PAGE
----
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Sunday, June 3, 2012

Adrian Heald: A simple control chart using Captell Version 6

At the CMG'11 I have met Adrian and asked him to show me how his reporting tool “Captell” (www.reportingservices.com) can be used to build MASF Control Charts. Below is his response.Check also the comment to this post with my feedback.

A control chart uses data from a specified period to derive average and upper and lower control values. For this example we are using some CPU utilization data from a UNIX machine collected over the 4 month period January through April 2011 and delivered in a CSV file. The baseline period is January, from which we calculate average values and standard deviations for each clock hour. We can then plot our control chart and compare successive month’s average with the control to see a clear picture of change.

For more information and sample reports see www.reportingservices.com
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Adrian Heald
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Step 1 - Import the CPU utilization data.

The following dialog shows the table definition selecting the “Delimited text file” source type. Specify a name and folder and choose the source type.

Here we see the text file definition, all that is required is the filename and a specification of the date time format.

Step 2 – Import and view the data

This Window shows the main Captell dialog with the task importing the data

And here a view of the imported data; during the import of the data Captell automatically determines correct data types.

Step 3 – Create a query to calculate the base line

This query calculates the average and average +/- 2 standard deviations for data from January.

The query output.

Step 4 – Create a query to summarise single months data

This query calculates the average CPU for each hour throughout the month selected by the Captell parameter ‘Data\Month’.

The query output:

Step 5 – Create a chart to combine the two queries

This chart shows the baseline average CPU utilisation and upper control limit along with the average values from the current month. Captell’s ability to plot data from different sources, in this case the baseline data and the data from the new month makes reporting quite easy. The blue line with the square symbols shows the average hourly data for March, well within the control limit and all hourly values below the baseline average.

Step 6 – Change the parameter to compare a different month

Here we can see the parameter changed to April and the resultant chart. The blue line with the square symbols shows the average hourly data for April, mostly above the upper control limit and all but one hour above the January mean, indicating a substantial increase in utilization.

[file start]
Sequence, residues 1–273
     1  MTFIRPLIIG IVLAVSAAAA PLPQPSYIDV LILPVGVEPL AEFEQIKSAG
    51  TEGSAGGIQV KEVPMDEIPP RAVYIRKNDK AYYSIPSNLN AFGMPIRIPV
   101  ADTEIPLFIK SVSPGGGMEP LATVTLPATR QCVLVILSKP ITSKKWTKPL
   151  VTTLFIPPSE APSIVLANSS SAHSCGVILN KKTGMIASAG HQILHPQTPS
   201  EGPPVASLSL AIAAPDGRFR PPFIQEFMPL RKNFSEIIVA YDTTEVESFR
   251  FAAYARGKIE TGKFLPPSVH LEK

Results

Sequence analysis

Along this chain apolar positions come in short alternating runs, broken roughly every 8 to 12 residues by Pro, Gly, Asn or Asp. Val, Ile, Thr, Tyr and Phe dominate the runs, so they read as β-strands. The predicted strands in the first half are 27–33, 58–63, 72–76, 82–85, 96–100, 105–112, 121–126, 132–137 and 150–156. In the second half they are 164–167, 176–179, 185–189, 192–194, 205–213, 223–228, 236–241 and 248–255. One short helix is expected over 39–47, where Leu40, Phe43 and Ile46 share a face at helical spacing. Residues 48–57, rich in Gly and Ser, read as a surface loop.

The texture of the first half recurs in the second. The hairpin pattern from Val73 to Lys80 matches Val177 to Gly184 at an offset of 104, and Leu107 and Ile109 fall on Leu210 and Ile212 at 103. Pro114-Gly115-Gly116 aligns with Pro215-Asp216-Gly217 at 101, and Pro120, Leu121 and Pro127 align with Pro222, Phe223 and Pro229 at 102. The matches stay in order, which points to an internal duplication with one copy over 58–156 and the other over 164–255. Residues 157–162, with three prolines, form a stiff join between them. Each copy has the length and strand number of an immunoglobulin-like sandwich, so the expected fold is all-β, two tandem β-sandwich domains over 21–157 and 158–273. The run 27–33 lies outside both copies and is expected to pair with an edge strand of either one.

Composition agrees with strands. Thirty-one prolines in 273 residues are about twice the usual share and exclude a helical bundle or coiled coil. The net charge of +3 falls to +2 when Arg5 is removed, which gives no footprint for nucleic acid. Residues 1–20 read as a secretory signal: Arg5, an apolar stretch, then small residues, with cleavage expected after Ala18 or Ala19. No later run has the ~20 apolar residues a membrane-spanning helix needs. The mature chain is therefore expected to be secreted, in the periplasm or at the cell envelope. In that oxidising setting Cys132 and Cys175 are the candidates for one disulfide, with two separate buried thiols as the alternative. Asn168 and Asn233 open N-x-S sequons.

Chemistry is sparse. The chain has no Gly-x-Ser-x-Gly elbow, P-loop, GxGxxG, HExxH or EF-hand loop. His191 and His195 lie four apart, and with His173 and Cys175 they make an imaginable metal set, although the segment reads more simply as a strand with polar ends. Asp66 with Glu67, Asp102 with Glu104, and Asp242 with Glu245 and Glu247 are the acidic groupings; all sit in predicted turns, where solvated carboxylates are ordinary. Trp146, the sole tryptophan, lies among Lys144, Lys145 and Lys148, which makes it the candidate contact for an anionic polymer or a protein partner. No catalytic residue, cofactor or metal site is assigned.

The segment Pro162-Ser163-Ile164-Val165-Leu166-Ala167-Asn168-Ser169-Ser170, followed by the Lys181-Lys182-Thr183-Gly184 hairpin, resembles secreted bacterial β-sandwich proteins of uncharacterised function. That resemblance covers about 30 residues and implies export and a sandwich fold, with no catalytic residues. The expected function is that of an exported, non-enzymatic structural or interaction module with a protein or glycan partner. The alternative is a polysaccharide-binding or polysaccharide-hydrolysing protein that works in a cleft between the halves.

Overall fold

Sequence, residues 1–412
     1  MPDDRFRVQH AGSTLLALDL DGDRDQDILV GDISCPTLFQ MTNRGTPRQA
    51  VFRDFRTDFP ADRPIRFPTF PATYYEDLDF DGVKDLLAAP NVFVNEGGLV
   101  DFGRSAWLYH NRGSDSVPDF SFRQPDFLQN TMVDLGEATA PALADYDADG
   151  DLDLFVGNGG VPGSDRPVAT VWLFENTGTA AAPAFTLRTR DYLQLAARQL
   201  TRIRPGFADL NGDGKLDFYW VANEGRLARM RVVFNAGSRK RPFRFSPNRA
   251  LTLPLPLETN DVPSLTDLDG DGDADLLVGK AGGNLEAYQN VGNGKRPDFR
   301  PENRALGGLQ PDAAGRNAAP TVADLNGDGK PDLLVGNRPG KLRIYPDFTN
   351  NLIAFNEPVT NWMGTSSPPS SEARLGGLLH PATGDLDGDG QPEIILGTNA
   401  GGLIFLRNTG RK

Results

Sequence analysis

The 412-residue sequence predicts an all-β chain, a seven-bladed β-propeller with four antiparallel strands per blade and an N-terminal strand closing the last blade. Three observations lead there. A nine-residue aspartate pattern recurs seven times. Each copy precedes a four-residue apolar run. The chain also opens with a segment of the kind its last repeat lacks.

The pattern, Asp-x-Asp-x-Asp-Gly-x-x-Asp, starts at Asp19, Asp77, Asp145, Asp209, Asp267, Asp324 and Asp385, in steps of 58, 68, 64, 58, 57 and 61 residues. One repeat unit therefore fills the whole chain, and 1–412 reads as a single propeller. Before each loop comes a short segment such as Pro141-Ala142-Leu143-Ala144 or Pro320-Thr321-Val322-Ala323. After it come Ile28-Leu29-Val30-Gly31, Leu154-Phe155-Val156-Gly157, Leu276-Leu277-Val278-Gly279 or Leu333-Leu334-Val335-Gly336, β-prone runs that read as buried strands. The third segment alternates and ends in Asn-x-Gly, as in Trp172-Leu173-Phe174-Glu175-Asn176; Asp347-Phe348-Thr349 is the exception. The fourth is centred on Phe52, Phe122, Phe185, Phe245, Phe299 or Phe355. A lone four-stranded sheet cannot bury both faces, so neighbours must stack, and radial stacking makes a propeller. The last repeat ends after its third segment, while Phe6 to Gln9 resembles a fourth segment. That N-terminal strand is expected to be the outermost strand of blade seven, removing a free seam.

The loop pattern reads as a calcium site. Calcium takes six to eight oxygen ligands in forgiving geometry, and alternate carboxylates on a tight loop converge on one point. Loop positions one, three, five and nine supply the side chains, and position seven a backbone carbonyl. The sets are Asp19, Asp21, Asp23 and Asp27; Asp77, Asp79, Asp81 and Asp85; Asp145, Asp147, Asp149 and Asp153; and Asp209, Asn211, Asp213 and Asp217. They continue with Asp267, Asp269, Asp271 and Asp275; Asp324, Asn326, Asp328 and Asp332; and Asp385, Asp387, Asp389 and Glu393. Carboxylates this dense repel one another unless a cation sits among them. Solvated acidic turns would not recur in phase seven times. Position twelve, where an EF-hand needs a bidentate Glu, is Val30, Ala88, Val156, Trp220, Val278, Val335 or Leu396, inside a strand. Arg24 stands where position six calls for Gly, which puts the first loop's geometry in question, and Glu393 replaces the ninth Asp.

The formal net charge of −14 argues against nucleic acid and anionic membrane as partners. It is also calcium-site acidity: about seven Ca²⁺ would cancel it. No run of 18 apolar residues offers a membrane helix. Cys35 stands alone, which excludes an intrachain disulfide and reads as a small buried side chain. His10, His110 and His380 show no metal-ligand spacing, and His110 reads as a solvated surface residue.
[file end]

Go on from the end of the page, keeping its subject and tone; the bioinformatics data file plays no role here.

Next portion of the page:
(Posted with the Adrian's Heald permission)


  1. That is great!

    Couple comments to Adrian:

    - You used only 1 month data for base-lining and you grouped data by hour of the day to build Mean, UCL and LCL.

    As an actual data to compare with baseline you used other month (selected by the parameter) hourly averaged data (averages).

    That works fine if every week day has the similar pattern of CPU usage. It is often not true (depending on application) especially for OLTP apps. Your case can be used if application does the similar (let say batch job) work regardless of week days (weekend or not a weekend – does not really matter). That is possible but rare case.

    I do grouping by week hour (168 groups), so 10 am in Sundays is treated differently from 10 am Wednesdays.

    - I have never used averaged for the long period (month!) data as an actual data. It is an interesting variation and may have a perfect sense! For exception detection I use just last hours (24 or 168) data point (also averaged but only within particular hour from more granular data). Your way can be used to capturing pattern changes and more applicable for Capacity planning, not for Performance management.... Which is perfectly OK.

    Anyway, you proved that your tool can do that in the similar way like other reporting tools do (like BIRT or COGNOS – see how they can be used for building my IT-Control Chart in my blog here, for instance: "Building IT-Control Chart by BIRT against Data from the MySQL Database") and maybe your way is even more convenient... I need to play myself to make any real conclusions/evaluations.

  2. Adrian is responded to my comment:

    Thanks for the feedback. This one is a pretty simple example, in a production environment I would add a few more steps, for instance more parameters to be able to select different shifts, say working week, weekends, overnight etc. or I could utilise your method of the 168 groups, which I think I’ll look into a little more anyway, sounds interesting.

    The other thing I’ve done when using control charts is to apply the statistical rules, i.e. once the base line is established plot each new days (or hours) value, statistically these should bounce around the mean (i.e. a 50% chance that the value will be above and 50% change below) provided no significant change is occurring. If some significant change starts to occur this can be detected quite quickly, for instance if 3 values in a row above the mean then there is a 87.5% change that this is due to underlying change and not random fluctuations. etc. The probabilities are quite easy to figure out, and it adds some weight to any argument that things are changing. In the past I’ve found this to be a very good early indicator of a degrading system, particularly in an OLTP system like CICS if you can get the response time of each transaction as they occur.